An exclusive excerpt from Why They Killed Gandhi – Unmasking Ideology and the Conspiracy by Ashok Kumar Pandey (Speaking Tiger, 2022)
Chapter 3. Last Days: Delhi, Noakhali, Delhi
I have not convinced India. There is violence all around us. I am a spent bullet. —Gandhi to his biographer Louis Fischer, on 26 June 19461
The last days of Gandhi were ones of disquietude and loneliness. He repeatedly tried to lead an apolitical life. Attempting to provide equal facilities to the poor at a naturopathy centre in Poona, or migrating to an unknown village, he was constantly trying to adopt social work as an alternative to politics. He resigned from the primary membership of the Congress in 1934, but after being in politics all his life, politics was not ready to leave him in this period of turmoil.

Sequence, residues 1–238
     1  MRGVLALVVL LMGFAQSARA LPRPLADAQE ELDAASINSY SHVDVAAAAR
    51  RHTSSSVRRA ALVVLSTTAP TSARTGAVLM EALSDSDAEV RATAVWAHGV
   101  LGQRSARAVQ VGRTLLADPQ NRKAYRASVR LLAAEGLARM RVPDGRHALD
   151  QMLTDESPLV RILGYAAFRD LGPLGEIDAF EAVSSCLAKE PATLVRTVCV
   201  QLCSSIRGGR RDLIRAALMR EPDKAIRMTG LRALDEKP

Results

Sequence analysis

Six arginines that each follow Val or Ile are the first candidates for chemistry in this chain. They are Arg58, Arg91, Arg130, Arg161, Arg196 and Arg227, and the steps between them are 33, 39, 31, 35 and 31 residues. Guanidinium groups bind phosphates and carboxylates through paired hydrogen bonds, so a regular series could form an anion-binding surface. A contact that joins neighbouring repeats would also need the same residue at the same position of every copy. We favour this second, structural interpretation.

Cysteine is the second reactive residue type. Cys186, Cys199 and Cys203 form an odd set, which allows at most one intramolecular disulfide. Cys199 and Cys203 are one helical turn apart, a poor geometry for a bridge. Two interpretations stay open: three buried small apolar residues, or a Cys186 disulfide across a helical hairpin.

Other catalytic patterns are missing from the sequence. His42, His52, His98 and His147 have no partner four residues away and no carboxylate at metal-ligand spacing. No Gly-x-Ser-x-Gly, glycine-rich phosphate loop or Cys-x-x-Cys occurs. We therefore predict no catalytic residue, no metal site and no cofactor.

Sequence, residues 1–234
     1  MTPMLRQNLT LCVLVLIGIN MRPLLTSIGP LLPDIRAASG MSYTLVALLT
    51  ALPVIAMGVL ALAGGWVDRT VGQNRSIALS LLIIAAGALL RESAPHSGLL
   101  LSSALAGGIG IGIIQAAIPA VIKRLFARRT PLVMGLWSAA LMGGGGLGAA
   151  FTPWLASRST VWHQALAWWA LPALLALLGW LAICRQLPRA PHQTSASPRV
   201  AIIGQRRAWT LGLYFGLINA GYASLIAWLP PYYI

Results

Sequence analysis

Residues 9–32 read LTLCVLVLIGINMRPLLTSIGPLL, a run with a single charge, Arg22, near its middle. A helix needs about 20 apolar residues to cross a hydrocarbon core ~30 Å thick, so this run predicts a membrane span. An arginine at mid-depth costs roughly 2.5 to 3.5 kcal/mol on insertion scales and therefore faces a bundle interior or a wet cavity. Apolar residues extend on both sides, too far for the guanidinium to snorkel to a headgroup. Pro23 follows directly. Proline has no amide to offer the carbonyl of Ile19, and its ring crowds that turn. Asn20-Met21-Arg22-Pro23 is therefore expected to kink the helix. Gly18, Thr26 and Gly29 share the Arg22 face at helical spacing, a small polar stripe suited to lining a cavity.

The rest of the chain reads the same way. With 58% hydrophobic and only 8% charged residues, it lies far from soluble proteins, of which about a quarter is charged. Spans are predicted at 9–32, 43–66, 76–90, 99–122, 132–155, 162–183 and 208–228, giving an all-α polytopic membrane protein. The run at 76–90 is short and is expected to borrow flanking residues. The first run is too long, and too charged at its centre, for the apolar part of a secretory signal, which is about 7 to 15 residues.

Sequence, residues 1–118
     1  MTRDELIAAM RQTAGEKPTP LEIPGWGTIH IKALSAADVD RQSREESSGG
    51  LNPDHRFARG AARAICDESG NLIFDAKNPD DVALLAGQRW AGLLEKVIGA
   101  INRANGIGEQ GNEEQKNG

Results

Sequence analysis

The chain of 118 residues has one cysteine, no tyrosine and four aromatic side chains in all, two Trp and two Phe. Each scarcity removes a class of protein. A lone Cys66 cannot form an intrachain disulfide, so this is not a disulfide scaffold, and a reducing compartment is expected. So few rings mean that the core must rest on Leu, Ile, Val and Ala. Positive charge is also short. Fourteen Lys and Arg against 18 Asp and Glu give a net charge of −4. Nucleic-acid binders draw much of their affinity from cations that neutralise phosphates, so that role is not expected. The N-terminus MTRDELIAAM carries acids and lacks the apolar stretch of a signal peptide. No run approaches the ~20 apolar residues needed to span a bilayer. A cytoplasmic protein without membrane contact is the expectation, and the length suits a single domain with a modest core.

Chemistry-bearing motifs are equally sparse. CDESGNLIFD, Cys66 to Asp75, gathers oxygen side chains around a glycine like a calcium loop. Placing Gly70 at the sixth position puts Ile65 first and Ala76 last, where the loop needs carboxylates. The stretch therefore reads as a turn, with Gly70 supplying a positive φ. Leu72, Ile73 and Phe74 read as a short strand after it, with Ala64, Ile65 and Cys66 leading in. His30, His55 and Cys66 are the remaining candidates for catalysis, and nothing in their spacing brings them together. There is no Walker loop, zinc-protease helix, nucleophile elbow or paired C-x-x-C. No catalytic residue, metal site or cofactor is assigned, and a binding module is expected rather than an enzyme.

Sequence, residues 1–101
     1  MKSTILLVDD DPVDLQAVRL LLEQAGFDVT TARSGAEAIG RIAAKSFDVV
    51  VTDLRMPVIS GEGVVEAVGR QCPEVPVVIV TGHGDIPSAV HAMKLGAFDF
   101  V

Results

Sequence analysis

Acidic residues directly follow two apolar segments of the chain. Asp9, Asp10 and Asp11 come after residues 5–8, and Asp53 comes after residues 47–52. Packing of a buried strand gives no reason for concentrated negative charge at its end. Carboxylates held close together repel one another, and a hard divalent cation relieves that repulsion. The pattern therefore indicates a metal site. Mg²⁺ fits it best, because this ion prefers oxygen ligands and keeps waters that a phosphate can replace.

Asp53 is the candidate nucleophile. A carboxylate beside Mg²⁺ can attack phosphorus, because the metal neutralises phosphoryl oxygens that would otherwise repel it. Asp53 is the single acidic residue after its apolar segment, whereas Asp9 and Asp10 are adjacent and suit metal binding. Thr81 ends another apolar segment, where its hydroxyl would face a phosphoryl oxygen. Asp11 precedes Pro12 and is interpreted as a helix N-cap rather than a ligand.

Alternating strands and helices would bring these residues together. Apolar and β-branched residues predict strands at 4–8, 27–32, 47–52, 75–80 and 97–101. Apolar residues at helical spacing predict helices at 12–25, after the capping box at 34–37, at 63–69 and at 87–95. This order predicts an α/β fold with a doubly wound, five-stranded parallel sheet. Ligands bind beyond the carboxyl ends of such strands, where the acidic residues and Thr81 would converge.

Independence was round the corner and every political group was eager to snatch its pound of flesh. The transfer of power was almost certain after the Second World War, but the British were not going to relinquish their prized possession without securing their international interests in the post-colonial world. The growing communal animosity was bliss for them. Muriel Lester has quoted Gandhi in her memoir where he admits that the policy of divide and rule was only successful because communal and caste divisions are deep-rooted in Indian society. The British only widened those cracks and communal organizations like the RSS, Hindu Mahasabha and Muslim League aided their effort. Churchill never wanted the existence of an undivided India and in Pakistan he was eying a future ally. History proved him right. Jinnah was adamant for Pakistan at any cost. Gandhi’s efforts to pacify him through friendly dialogue proved futile. Gandhi tried to establish nationalist leaders like Khan Abdul Ghaffar Khan, but amidst the communal frenzy of that time, the appeals of leaders like Khan Abdul Ghaffar Khan or Maulana Azad could not produce the desired effect, and Jinnah’s clout only grew with time. Gandhi enjoyed massive support from Muslims during his Khilafat Movement. The Ali brothers were his close comrades in that movement. But the surviving Ali brother, Shaukat Ali, who was hailing Gandhi as ‘my chief’ in his absence during the First Round Table Conference, had changed his allegiance by the second conference.